It's just a variant of the, "but it's just one" cop out.
Both suggest that the indulgence is small, therefore the questionable offering is no biggie.
And for individuals, it's true. I don't think that there should be any forbidden foods. We should all be consuming the smallest amount of indulgences that we need to like our lives (my four food kryptonites are Sour Patch Kids, Ruffles, dark chocolate Reese's Peanut Butter Cups, and scotch).
But it's not true when referring to teachers choosing to give Smarties to 8 year olds because they were writing a standardized test.
Because firstly, it's not just one, and consequently it's not a moderate amount, because as anyone with children today knows, it's "just one" for other people giving kids junk food virtually every day, and some times multiple times a day.
And yes, while I have zero issue with children eating Smarties (mine just came back from Manhattan where one of their favourite stores was the M&Ms store), teachers teaching their 8 year old students that there's no occasion or effort too small to not warrant candy or junk food does not fit into my definition of a message that's healthy even in moderation.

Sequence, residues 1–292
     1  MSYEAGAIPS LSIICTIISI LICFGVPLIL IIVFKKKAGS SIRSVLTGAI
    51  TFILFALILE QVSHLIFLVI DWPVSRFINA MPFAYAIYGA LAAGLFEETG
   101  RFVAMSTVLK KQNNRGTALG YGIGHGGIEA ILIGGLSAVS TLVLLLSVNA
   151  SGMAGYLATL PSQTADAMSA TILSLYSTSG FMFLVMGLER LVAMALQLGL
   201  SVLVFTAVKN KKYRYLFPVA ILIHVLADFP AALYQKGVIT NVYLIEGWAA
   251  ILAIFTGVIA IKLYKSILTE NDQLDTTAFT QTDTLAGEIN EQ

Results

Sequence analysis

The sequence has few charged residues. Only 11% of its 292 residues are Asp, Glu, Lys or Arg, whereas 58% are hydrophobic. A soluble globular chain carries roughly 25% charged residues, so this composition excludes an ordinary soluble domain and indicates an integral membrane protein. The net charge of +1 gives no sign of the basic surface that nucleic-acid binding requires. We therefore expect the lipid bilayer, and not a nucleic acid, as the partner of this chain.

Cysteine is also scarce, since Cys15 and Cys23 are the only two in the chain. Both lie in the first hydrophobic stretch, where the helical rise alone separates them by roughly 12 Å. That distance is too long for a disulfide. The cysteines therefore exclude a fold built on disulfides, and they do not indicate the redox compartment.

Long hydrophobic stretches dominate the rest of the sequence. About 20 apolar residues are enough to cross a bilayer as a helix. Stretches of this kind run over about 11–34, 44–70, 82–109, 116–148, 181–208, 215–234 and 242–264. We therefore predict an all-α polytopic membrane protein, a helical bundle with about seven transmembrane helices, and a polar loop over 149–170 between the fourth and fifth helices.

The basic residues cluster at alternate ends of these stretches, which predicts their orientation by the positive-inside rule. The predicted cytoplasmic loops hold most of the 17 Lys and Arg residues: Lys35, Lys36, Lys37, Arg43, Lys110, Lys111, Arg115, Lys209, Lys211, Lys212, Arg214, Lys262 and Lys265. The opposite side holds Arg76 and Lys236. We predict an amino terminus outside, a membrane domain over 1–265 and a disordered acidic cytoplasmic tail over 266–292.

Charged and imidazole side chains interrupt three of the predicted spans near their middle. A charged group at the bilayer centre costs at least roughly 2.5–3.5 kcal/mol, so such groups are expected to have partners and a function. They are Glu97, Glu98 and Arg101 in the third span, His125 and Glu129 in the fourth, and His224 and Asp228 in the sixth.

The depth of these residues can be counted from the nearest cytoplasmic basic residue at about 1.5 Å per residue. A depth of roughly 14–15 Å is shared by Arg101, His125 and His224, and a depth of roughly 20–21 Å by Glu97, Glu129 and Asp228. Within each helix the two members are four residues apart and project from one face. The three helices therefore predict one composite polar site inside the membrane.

With very rare exceptions (like another kid's birthday party, or Halloween), parents, and parents alone, should be the arbiters of how much candy or junk food their 8 year olds are offered, not teachers, who instead could/should serve as role models as to how to reward and inspire without messages like the one that same teacher who wanted me to know it was ok because "everything in moderation" posted to Twitter,
"Nothing says #inspirationaltreat like @Nestle #Smarties!"Really?
Not an end of test dance party? An extra period of recess? Painting a celebratory class mural?
Though it's harsher than might be fair, and clearly written in exasperation, there was a comment left on my Facebook page by Robin Nelson VanDyke that I have a difficult time disagreeing with,
[If you're a teacher looking for non-junk food ideas, here's a great list and backgrounder to peek at]